“I want the party that will give me civility, not just tax breaks, to win,” says Daniele Lago, the head of a high-end furniture company in Italy ahead of the country’s elections on Sunday.
Since Mr. Lago — the youngest of 10 children — joined his family’s firm two decades ago, Italy has had 10 prime ministers. “I’d rather not have an election again in the first place,” he shrugs. “It causes unnecessary instability.” That’s not something Lago Design is used to — it was founded by Mr. Lago’s great-grandfather in Venice in the 19th century, and has grown into a successful, if little-known, business. Mr. Lago says his worst fear is that right- or left-wing populists will gain power.
While the euro zone’s third-largest country was mired in political uncertainty and economic stagnation, Lago Design transformed itself radically under the leadership of Mr. Lago and two of his siblings. It no longer builds cabinets for local churches and instead makes sleek furniture that “talks” to people thanks to chips that can connect to smartphones via an app. The firm now has a turnover of €30 million ($37 million) and a presence from Rome to Berlin and London.
The company has moved its headquarters to Castelfranco Veneto, a small industrial city near Venice. Away from the elegant old town dominated by a moated medieval ruin, the outskirts of Castelfranco are a sprawling maze of nondescript warehouses and office buildings where small companies like Lago Design innovate and thrive. They make consumer goods, chemicals, car parts or foodstuffs. In fact, northern Italy is dotted with wealthy, industrious towns just like Castelfranco. Mr. Lago refers to the way those thousands of companies work together as “cross-pollination.”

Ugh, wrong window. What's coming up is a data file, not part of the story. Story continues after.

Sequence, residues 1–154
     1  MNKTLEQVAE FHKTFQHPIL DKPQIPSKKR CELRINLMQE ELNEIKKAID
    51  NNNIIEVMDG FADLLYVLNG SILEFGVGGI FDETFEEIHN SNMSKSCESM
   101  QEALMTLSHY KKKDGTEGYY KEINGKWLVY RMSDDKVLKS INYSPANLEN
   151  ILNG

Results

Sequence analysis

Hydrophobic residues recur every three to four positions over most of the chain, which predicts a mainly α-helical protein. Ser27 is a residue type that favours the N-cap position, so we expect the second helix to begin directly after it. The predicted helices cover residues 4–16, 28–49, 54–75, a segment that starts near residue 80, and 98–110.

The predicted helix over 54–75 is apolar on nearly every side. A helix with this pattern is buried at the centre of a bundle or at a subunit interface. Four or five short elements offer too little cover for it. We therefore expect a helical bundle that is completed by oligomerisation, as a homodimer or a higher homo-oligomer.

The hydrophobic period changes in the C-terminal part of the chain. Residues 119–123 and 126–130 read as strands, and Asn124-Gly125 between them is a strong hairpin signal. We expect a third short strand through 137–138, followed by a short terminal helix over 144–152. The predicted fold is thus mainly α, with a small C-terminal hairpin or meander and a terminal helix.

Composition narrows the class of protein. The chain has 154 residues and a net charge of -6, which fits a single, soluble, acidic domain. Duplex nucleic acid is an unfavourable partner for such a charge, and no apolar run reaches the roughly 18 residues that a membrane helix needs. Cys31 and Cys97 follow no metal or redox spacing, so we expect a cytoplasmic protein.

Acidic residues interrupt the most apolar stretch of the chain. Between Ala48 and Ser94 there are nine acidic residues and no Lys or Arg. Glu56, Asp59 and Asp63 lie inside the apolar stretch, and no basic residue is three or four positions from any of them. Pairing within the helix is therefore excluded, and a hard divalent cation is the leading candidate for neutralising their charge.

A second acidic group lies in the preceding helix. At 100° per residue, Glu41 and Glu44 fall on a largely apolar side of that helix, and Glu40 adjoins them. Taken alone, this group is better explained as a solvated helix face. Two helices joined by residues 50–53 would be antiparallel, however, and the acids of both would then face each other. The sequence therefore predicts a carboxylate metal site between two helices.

“The comparison with the Mittelstand is very apt.”
To the casual observer who has seen up close small-town Germany’s dense network of small and medium-sized businesses, the so-called Mittelstand that forms the backbone of Germany’s economy, there is an air of déjà vu.
“The comparison with the Mittelstand is very apt,” says Jörg Buck, the head of the German-Italian chamber of commerce, or AHK Italy. “The structures are quite similar in both countries, as is the entrepreneurial culture.” As in Germany, it’s these hidden champions that drive much of the technological innovation happening in Italy.
The country was hit hard by the financial crisis, which sent unemployment soaring above 11 percent and public debt to towering heights. But while successive multibillion euro bailouts of ailing banks and the refugee crisis unfolding off its long Mediterranean coast grabbed headlines, there have been green shoots of recovery, too. Annual GDP growth hit 1.4 percent in 2017 and is predicted to increase to 1.5 percent this year. Although this is decidedly sluggish compared to the rest of the European Union, that’s the best Italy has seen in eight years.
And there’s more. Last year, trade between Germany and Italy grew by 6 percent to a historic level of €121.3 billion. This means the Mediterranean country has a shot at overtaking Britain as Germany’s fifth-biggest trade partner in 2018, Mr. Buck reckons. He points out that Italy is one of the biggest industrial nations in Europe, second only to Germany, and is one of the few countries that have reduced its trade deficit with Germany, the champion of trade surpluses.
In addition, Rome has adopted policies aiming at streamlining its notoriously unstable government and has boosted investment in digital infrastructure. In 2016, Italian Diego Piacentini, Amazon’s most senior executive after CEO Jeff Bezos, took a two-year sabbatical from the e-commerce behemoth to help the Italian government catapult the country into the 21st century.